November 28, 2009

You Are My Sunshine: He's Not So Happy When Skies Are Gray


Don't get me wrong. I'd love it if every prostitute met the man of her dreams and left the biz for a better life. But the "lovable whore" -- not to mention the "gentleman john" -- is a fantasy that rattles me. Can there really be a happily ever after for a hooker and her customer? I can't help but predict disaster. From the looks of You Are My Sunshine, director-writer Park Jin-pyo basically agress. Here, the woman-in-question is sweet, young cynic Eun-ha (Jeon Do-yeon) who wears H&M dresses and delivers coffee (with blow jobs) when she isn't being courted by country bumpkin Seok-joong (Hwang Jeong-min). Eventually, the two pair up for wedded bliss only to find their love knot untangled by the return of her other husband and a frightful diagnosis of AIDS. Before you know it, Eun-ha is back to turning tricks and Seok-joong is in a tailspin that even his well-meaning mother (Na Mun-hee) can't set right. When Eun-ha ends up the Typhoid Mary of HIV, one farming family's tragedy becomes the stuff of tabloid fodder. (There's a great scene in which a photojournalist instructs the grieving Seok-joong to walk away with his shoulders slumped to look sad.) A weepie if there ever was one, You Are My Sunshine nevertheless ends optimistically. These two renew your faith in eternal vows.

November 21, 2009

My Mighty Princess: She's Even Cuter When She's Kicking Your Butt


A martial arts teen romantic comedy with a dash of evil sorcery? Yes, that's right. Kwak Jae-young's My Mighty Princess is just the mash-up that you've been waiting for. But boy, is it complicated. So-hwi (Shin Min-a) wants to hook up with cutie Jun-mo (Yu Geon) from the school hockey team but she's constantly distracted by a family legacy which involves recapturing The Green Destiny Sword and mastering The Lightning Stroke technique perfected by her mother, now dead. She's also got stiff competition for her man by way of a no-nonsense lady cop who her prospective boyfriend is obsessed with. And then there's that pretty-boy childhood friend (On Ju-wan) who says he loves So-hwi but is really more enamored of getting a Kawasaki motorcycle. Will she ever be able to get a kiss from the dude with a mother complex? Will she stop being a brat long enough to learn the sword fighting skills dictated by her dying mother to her telepathic dad? One of the pleasures of My Mighty Princess is how the story keeps incorporating more and complications without ever letting them slow the momentum. Another is Shin's performance which is effortless adorableness even after she's drawn on a mustache to fight incognito to save her man.

November 15, 2009

White Badge: Survival Is Not Always a Reward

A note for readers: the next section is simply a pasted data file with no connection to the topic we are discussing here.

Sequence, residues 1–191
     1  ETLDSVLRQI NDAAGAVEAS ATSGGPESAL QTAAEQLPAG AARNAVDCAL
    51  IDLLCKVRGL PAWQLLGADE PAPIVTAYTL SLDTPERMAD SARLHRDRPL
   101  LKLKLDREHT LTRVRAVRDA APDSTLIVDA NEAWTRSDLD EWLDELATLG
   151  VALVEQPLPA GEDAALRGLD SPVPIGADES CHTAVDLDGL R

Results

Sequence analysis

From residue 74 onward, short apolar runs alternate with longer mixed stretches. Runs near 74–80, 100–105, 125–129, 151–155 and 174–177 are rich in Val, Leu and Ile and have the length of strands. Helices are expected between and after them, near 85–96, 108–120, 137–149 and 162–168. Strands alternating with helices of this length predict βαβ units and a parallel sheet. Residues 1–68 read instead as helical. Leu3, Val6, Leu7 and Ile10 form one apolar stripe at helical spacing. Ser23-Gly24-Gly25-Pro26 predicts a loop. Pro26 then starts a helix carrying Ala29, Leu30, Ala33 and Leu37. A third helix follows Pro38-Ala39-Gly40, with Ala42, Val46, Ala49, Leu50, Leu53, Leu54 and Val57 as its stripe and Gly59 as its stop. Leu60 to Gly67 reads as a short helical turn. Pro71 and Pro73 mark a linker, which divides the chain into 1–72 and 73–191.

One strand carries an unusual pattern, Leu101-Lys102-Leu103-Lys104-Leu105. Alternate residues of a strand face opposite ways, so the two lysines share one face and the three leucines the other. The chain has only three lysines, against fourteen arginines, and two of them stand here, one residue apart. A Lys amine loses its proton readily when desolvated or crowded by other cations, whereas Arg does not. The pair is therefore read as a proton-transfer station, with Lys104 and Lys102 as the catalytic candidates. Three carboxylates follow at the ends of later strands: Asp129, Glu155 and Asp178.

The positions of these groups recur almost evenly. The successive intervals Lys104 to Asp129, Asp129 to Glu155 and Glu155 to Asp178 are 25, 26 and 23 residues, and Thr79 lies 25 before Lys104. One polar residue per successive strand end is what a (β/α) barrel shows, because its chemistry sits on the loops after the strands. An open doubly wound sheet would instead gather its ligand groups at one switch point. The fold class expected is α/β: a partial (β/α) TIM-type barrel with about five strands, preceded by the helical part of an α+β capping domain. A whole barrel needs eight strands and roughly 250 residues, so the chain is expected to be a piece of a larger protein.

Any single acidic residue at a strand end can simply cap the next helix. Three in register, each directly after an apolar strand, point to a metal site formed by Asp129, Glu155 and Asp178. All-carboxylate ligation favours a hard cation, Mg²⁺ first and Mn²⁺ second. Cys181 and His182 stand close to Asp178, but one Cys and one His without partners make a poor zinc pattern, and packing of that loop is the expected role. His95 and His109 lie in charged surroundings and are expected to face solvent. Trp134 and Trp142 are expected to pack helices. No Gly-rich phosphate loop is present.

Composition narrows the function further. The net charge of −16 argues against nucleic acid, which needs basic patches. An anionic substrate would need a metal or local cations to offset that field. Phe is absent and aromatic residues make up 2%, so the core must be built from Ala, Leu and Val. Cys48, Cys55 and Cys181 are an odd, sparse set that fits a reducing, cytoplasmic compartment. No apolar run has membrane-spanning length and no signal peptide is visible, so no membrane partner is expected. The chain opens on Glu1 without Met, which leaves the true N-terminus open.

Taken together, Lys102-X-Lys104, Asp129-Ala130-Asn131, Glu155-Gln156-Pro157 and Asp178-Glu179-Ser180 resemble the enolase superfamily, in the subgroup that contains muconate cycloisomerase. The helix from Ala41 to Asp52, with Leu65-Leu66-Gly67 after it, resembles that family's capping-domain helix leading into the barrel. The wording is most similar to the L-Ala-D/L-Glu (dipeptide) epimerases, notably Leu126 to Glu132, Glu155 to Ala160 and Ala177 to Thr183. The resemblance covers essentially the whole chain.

Americans know all about the Vietnam War. They also know something about the Korean one. Yet they probably know nothing about South Korea's role in the former, a participation that was both alongside U.S. troops and at their behest. And if Vietnam remains a haunting conflict in American consciousness, it also appears to have wreaked havoc on the Korean psyche as well. In his allegorical fright flick R-Point, director Kong Su-chang equates that war's terrors to supernatural horrors; in White Badge, Jeong Ji-yeong takes a much more naturalistic approach by exorcising those same demons in a grimly nostalgic memory piece. Grounded by a terrific performance by Ahn Sung-kee as a heavy drinking journalist reluctantly writing a novel about his experiences in Vietnam, White Badge neither shies away from the absurdities of the battlefield (the troops mistake a herd of water buffalo for the enemy) nor minimizes the psychic damage to the soldiers who survive. (Pfc. Pyon (Lee Kyeong-yeong) is a basket case unable to salvage his relationship with a prostitute who was his wartime pen pal.) Children as scavengers, bulletproof panties, the paparazzi of the frontlines... White Badge's imagery is so rich, it really does insist on repeated viewings.

November 7, 2009

The City of Violence: A Mediocre Movie That Packs Extra Punch


More than one not-so-hot movie has been rescued by a flashy martial arts finale. Ryu Seung-wan's The City of Violence takes this approach to the extreme: Every fifteen minutes or so comes another playfully shot, precisely choreographed battle that's as visceral as it is gymnastic. There's one great free-for-all in a police station, an unrelenting rumble with an ever-growing street crowd of baseball players, break dancers, and the girls' field hockey team, and an extended fight-to-the-finish that incorporates sliding doors, hilarious hair-pulling and one suddenly fingerless hand. The connection between all this killing and the founding of a casino feels negligible at best and the villain (Lee Beom-su) is neither clever nor charismatic. But ultimately, the WHY behind each punch and kick proves irrevelant. Every time Seok-hwan (Ryu) and his buddy, the detective Tae-su (Jung Doo-hong who's also the fight choreographer), decide to exact physical revenge on behalf of their old pal Wang-jae (Ahn Kil-Kang), you're too busy admiring the roundhouse kicks and wincing at the mouthfuls of blood to worry about something as simple as character motivation. If you need more than fisticuffs, focus on the costumes and the sets which are also thoughtfully executed.